"We’re talking with them but we’ve been more concentrating on our own," Capito said. Four spending bills remain to be acted on by the Senate Appropriations Committee. The full Senate hasn’t acted on any spending bills.
Capito said she expects to mark up her financial services bill before the end of the month, which would mean the week of Sept. 25. She said appropriators pushed off work on their bills after Congress cleared the continuing resolution, which would fund the government through Dec. 8.
The Senate is likely to follow a schedule similar to that of the House when it comes to a budget resolution and tax-overhaul legislation, Senate Budget Committee member Ron Johnson, R-Wis., said. The Senate Budget Committee isn’t likely to release a budget resolution until the Congressional Budget Office has scored some of the key provisions in a tax outline offered by the "Big Six" members working on tax cuts, Johnson told reporters yesterday.
That initial set of bullet points will come late the week of Sept. 25, House Ways and Means Committee Chairman Kevin Brady, R-Texas, said last week. The "Big Six" group consists of Brady, Speaker Paul Ryan, Senate Majority Leader Mitch McConnell, Senate Finance Committee Chairman Orrin Hatch, R-Utah, Treasury Secretary Steven Mnuchin and National Economic Council Director Gary Cohn.
Johnson said before putting out a budget resolution lawmakers want to see the static score, which wouldn’t account for economic growth that tax cuts might spur on key provisions in tax legislation. He expects the static score would show a loss of revenue because he doesn’t expect to increase some taxes in order to fully offset other tax cuts. But if the CBO accounts for economic growth using dynamic scoring, Johnson believes the plan would be revenue neutral.
Brady said on Wednesday he would like to "lower taxes on every American if it’s possible," which also would indicate a loss of revenue on a static basis. Johnson wouldn’t say whether he wants to see taxes reduced for every income bracket.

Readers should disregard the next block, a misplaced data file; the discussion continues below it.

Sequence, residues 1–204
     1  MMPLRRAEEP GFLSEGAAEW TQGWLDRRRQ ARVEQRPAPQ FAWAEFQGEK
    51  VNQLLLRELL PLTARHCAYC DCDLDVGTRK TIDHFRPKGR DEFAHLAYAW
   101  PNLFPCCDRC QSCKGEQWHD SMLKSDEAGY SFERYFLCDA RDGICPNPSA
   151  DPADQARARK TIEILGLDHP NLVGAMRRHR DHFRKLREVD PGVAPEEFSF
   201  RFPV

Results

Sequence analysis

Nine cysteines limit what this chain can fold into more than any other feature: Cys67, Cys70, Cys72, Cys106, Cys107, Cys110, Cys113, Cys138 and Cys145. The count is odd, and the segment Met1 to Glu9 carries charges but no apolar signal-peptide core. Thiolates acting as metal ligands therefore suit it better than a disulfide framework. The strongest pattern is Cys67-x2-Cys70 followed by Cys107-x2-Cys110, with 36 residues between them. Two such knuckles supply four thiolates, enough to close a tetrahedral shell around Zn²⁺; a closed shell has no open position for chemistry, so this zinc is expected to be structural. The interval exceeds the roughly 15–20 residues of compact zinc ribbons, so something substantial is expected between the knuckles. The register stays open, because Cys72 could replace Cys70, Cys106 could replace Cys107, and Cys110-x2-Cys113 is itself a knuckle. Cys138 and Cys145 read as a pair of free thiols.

"I’m not laying out any red lines," Johnson said. "I’m not saying what I demand or who should or shouldn’t. We’ve just got to grow our economy."
Finance Chairman Hatch said his committee plans to craft its own tax legislation, not relying solely on the outline being developed by administration officials and congressional leaders. He said his committee won’t be "anyone’s rubber stamp." Hatch told CNBC that the Senate Finance Committee and House Ways and Means Committee will each work on tax legislation the way they see fit and then go to conference to produce a final piece of legislation.
Hatch also said Monday a 15% corporate tax rate seems unrealistic, despite President Donald Trump having campaigned on that number. "I sincerely doubt we will be able to get to that level," Hatch said.
Ryan mentioned last week that Republicans hope to be "at or below" a 22.5% rate. House Freedom Caucus members have withheld support for the budget until they see more details on tax overhaul. Freedom Caucus member Dave Brat, R-Va., said, in response to Ryan’s comments, that the proposed corporate tax rate figure “keeps creeping up."
“I’m not comfortable with it, but we’ll see," Brat said.
So, the administration’s tax proposal is eagerly awaited, and is certain to be highly controversial—and that debate could critically affect many other fights, so we will have to wait and see. This also is a fight producers should watch closely as it proceeds, Washington Insider believes.